Close this search box.

Charlie Hebdo, One Year On

It’s been just over a year since the Charlie Hebdo murders, and I thought it was time to do a little more than simply defy, although I do love that that was Ken’s way of commemorating the date.

On January 7, 2015, a group of lowlives attacked the offices of a satirical magazine for no other reason than they disliked its sense of humor. They believed that their religion trumped anyone’s right to mock it. They believed that their umbrage meant that they had the right to take the lives of those who worked there.

And therein proved that their interpretation of their religion was entirely, utterly, without merit, and worthy of being mocked. And today, they still don’t get it, do they?

Meanwhile, these pieces of trash continue to use violence to suppress humor. Texas, and to a much deeper extent, in Bangladesh. We can not give them what they want. We must continue to mock them, and not let a year simply calm us down and let us move on. The mockery must continue.

I do not single out Islam as worthy of disdain and mockery. I feel that way about all Abrahamic religions. They all trace their roots to an event where a guy’s imaginary friend told him to kill his son, and he said “sure, sounds legit!” Then, the imaginary friend said, “just kidding, just cut off a piece of his dick to show me that you love me.” He still says “sounds legit!” What the fuck else can you expect but madness after that?

I would likely feel that way about all other religions, if I learned enough about them. If you want to practice your religion, by all means, go right ahead. You can believe in a flying spaghetti monster, or a zombie Jesus, or anything else you like.

And dammit, I have the right to mock you for it.

I don’t have that right because I am right. I may be dead wrong. I fully accept that if I ever die, I could be called before some supreme being who will be utterly fucking pissed at me — and if he exists, he damn well should be.

Because I mock him. I mock his followers. I mock lots of things.

As we should be able to.

Does that bother you?

Are your beliefs so fragile, so meaningless, so utterly without merit, that they cannot stand in opposition to mine?
If a “prophet” is so weak that you commit acts of violence against other people because they mock him, then your prophet is not worthy of any respect at all — let alone immunity from mockery.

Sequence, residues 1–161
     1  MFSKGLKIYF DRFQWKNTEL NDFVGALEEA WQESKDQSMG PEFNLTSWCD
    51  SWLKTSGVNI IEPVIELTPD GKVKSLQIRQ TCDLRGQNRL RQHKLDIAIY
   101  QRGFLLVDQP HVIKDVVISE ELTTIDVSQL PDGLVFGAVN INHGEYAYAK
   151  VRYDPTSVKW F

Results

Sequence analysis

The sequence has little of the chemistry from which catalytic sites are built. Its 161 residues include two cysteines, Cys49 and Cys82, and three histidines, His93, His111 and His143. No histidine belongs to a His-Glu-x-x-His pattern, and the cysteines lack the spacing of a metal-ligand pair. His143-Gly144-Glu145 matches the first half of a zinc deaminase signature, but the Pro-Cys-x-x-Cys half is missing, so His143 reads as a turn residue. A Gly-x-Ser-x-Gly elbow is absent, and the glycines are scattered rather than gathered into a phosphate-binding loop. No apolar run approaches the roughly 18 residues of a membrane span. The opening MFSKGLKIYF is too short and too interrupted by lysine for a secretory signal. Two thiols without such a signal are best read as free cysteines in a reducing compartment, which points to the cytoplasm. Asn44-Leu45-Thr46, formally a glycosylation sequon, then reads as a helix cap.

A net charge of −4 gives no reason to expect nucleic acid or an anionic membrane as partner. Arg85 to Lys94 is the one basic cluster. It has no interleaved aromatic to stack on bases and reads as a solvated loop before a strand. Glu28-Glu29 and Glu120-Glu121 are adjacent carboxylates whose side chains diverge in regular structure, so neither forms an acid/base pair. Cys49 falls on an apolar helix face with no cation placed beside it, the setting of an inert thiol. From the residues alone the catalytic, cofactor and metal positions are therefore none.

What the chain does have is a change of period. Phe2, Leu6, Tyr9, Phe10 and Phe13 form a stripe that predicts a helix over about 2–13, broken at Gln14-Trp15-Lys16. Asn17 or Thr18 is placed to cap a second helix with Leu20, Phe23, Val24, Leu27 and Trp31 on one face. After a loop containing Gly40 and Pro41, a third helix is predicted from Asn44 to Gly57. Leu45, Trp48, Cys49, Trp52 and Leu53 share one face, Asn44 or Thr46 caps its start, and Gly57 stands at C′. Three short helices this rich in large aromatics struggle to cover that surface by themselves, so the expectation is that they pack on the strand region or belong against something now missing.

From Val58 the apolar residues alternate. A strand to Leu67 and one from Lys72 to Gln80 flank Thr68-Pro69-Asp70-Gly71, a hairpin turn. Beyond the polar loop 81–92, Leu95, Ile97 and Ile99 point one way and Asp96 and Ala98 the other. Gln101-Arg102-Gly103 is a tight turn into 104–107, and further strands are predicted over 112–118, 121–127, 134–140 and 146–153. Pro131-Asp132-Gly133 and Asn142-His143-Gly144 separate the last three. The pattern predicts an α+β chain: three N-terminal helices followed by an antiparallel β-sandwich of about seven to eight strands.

If your God or your prophet can not take being mocked, then fuck your god and fuck your prophet.

I do not use the term “hero” loosely. But, Charlie Hebdo was bombed before January 7, 2015. Those who worked there knew the risks. They accepted them. And on that day, 12 of them died because they believed in something far more important than any fairy tale.

They believed in freedom of expression.

“Hero” is the right word to describe all of them.

We are only the sum of our thoughts. If the powerful or the fanatical can stop us from expressing them through coercion or violence, we are less human. We all achieve less for being here for the brief time that we get to exist on this rock.

When we got attacked on 9/11, we responded by changing who we were. We responded by curtailing our own liberties, all in the false name of “security.”

Charlie Hebdo’s editor-in-chief, Stephane Charbonnier once said: “I would prefer to die standing than to live on my knees.” A year ago, he died standing.

He died standing for something.

He died standing for freedom of expression.

The correct reaction to terrorism is to do exactly the opposite of what the terrorists want you to do.

I would not normally re-publish these pieces of art. I don’t particularly care for them. But, if these terrorists wanted to take that right away from us by making us afraid, they have sorely failed in their attempt.

With that, I give you what these barbarians tried to take from us.

Fuck your prophet.

And Fuck you.

Je suis Charlie, et je me souviens.





This post originally appeared on Popehat. View it here.

Skip to content